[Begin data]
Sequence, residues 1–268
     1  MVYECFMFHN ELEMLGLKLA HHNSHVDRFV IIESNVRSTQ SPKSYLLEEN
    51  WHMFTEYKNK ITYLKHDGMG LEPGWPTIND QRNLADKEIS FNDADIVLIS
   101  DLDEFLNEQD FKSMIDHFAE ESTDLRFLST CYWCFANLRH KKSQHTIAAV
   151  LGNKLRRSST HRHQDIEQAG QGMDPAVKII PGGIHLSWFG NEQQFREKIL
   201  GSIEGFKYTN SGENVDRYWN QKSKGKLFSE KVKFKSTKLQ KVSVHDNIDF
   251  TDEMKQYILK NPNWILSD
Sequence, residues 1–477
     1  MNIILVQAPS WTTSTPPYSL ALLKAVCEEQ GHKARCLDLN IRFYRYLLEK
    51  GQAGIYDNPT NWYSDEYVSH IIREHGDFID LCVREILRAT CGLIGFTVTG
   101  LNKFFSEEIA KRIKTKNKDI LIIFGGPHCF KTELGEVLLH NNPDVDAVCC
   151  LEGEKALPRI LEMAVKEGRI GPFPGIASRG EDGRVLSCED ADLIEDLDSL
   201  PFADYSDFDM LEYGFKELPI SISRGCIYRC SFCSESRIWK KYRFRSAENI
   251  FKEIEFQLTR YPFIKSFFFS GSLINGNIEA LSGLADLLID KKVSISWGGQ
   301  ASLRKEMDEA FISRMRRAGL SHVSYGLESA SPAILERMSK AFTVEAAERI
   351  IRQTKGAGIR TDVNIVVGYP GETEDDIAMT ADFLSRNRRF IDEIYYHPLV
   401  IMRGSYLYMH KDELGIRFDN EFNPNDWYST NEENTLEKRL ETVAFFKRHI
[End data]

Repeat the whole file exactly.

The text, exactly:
Sequence, residues 1–268
     1  MVYECFMFHN ELEMLGLKLA HHNSHVDRFV IIESNVRSTQ SPKSYLLEEN
    51  WHMFTEYKNK ITYLKHDGMG LEPGWPTIND QRNLADKEIS FNDADIVLIS
   101  DLDEFLNEQD FKSMIDHFAE ESTDLRFLST CYWCFANLRH KKSQHTIAAV
   151  LGNKLRRSST HRHQDIEQAG QGMDPAVKII PGGIHLSWFG NEQQFREKIL
   201  GSIEGFKYTN SGENVDRYWN QKSKGKLFSE KVKFKSTKLQ KVSVHDNIDF
   251  TDEMKQYILK NPNWILSD
Sequence, residues 1–477
     1  MNIILVQAPS WTTSTPPYSL ALLKAVCEEQ GHKARCLDLN IRFYRYLLEK
    51  GQAGIYDNPT NWYSDEYVSH IIREHGDFID LCVREILRAT CGLIGFTVTG
   101  LNKFFSEEIA KRIKTKNKDI LIIFGGPHCF KTELGEVLLH NNPDVDAVCC
   151  LEGEKALPRI LEMAVKEGRI GPFPGIASRG EDGRVLSCED ADLIEDLDSL
   201  PFADYSDFDM LEYGFKELPI SISRGCIYRC SFCSESRIWK KYRFRSAENI
   251  FKEIEFQLTR YPFIKSFFFS GSLINGNIEA LSGLADLLID KKVSISWGGQ
   301  ASLRKEMDEA FISRMRRAGL SHVSYGLESA SPAILERMSK AFTVEAAERI
   351  IRQTKGAGIR TDVNIVVGYP GETEDDIAMT ADFLSRNRRF IDEIYYHPLV
   401  IMRGSYLYMH KDELGIRFDN EFNPNDWYST NEENTLEKRL ETVAFFKRHI